Saturday, April 5

Article: email addresses and job applications

Greetings. I received the following article from an email list for blind students I'm on. It does a great job of describing exactly what kind of email address you want to put on that job application or resume. Enjoy, and pardon any formatting errors.

Could Your E-Mail Name Hurt Your Career?

by Daryl Hannah. Date Posted: March 25, 2008

When Stacy Havel, director of public relations for Bernard Hodes Group, a
recruitment company, came across an e-mail application from "sexy daddy,"
she laughed and passed the e-mail around the office for others to see. What
she didn't do was respond or bring the applicant in for an interview.

"When you see someone identifying themselves in a vulgar or inappropriate
way, it gives insight to their personality," Havel says, referring to
daddy" and the hundreds of other e-mail applications she's received from

Sure, sending business e-mails can be tricky, especially in a work force
that encompasses diversity of race/ethnicity, orientation, gender, age,
religion, disability and other cultural influences. However, one thing is
certain--unprofessional e-mail addresses can hurt your chances just as
as unprofessional e-mails. An inappropriate e-mail address can tarnish
brand, warns Havel. "It's important to set something up that says
about your personal brand that is professional and not offensive, that
make someone look at your application," she says.

Sophia Bogues, strategic accounts manager with INROADS, which places
students from traditionally underrepresented groups in corporate
internships, agrees. "Business e-mails are a tool, and that tool
you," says Bogues.

As you join the work force, building and protecting your brand is
and this includes your e-mail address. Here are five tips to make sure
e-mail address doesn't keep you from landing that ideal job.

No. 1: Separate your personal and professional e-mail addresses. Keep
personal and professional e-mails separate. While it is tempting to
one universal e-mail address, doing so can prove problematic--especially
you used your e-mail address to set up a social-networking account.

"Many set up their Facebook accounts when they were younger and many
think about how this would affect the future," says Havel, referring to
students who use their Facebook e-mail addresses on resumes and job

So what do you do when you are ready to start applying for job? Set up an
e-mail address specifically for work. "Today it's very easy to get a new
e-mail address. Set up an e-mail address specifically for work-related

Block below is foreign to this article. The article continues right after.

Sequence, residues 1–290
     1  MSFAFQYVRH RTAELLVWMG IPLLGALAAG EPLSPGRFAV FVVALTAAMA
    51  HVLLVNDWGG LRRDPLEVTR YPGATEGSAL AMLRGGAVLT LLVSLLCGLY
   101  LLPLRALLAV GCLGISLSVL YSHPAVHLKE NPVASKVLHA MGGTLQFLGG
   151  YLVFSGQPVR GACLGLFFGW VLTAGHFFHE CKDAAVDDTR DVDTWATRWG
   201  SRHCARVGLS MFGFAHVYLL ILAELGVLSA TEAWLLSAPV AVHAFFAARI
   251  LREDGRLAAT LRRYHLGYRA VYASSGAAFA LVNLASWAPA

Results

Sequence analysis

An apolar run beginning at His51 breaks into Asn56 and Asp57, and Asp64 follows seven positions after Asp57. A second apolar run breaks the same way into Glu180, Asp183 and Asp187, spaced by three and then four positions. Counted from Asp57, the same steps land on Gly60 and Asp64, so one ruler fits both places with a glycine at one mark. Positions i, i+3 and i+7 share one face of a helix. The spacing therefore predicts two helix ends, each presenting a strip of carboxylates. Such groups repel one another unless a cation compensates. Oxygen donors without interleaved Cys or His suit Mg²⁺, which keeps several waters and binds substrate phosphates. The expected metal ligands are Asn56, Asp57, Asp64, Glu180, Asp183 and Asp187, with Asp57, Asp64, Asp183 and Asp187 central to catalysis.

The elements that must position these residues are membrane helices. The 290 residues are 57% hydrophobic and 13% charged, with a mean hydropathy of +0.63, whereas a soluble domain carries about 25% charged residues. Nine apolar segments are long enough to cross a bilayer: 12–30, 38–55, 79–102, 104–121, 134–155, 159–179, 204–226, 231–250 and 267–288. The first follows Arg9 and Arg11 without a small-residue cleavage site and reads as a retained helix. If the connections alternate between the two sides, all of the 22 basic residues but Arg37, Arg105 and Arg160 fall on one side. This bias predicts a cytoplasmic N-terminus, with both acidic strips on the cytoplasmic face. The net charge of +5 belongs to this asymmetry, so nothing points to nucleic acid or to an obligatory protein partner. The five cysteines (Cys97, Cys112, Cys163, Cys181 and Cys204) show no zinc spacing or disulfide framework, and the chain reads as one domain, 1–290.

things," says Havel.

No. 2: Choose wisely. Choose an e-mail address that sets you apart but at
the same doesn't discourage your future employer. For example, using your
first and last name should get the job done. Steer clear of references to
orientation, race, cultural acronyms or neighborhood. These things may be
important part of you, but your e-mail address is not the place to

For example, e-mail addresses like, or may be off-putting to a
future employer.

No. 3: Avoid sexual and religious references. One of the easiest ways to
have your application tossed in the trash is to have an e-mail address
includes sexually explicit or overtly religious references. "You want to
avoid e-mail addresses that are like, or," warns Havel. And while religion does have its place
the workplace, it doesn't belong in your e-mail address. Remember, your
e-mail address represents you and is among the first impressions a future
employer will have of your professionalism.

No. 4: Don't use your current work e-mail address to apply for jobs.
Employers have the legal right to read your e-mails. Therefore, sending
e-mails to potential employers from your current work e-mail address is
wise. In fact, applying for a job while at work is a big no-no.

Instead, use your newly created personal, yet professional, e-mail
to apply to jobs before or after work.

No. 5: Don't let your e-mail address overshadow your resume. You want to
make sure that your e-mail address isn't something that people are going
be so focused on that it will overshadow your resume. Havel suggests this
can be avoided by keeping your professional e-mail address generic. "You
want your skills to stand out, not your e-mail address," she says.

C DiversityInc 2008 R All rights reserved.

No comments:

Post a Comment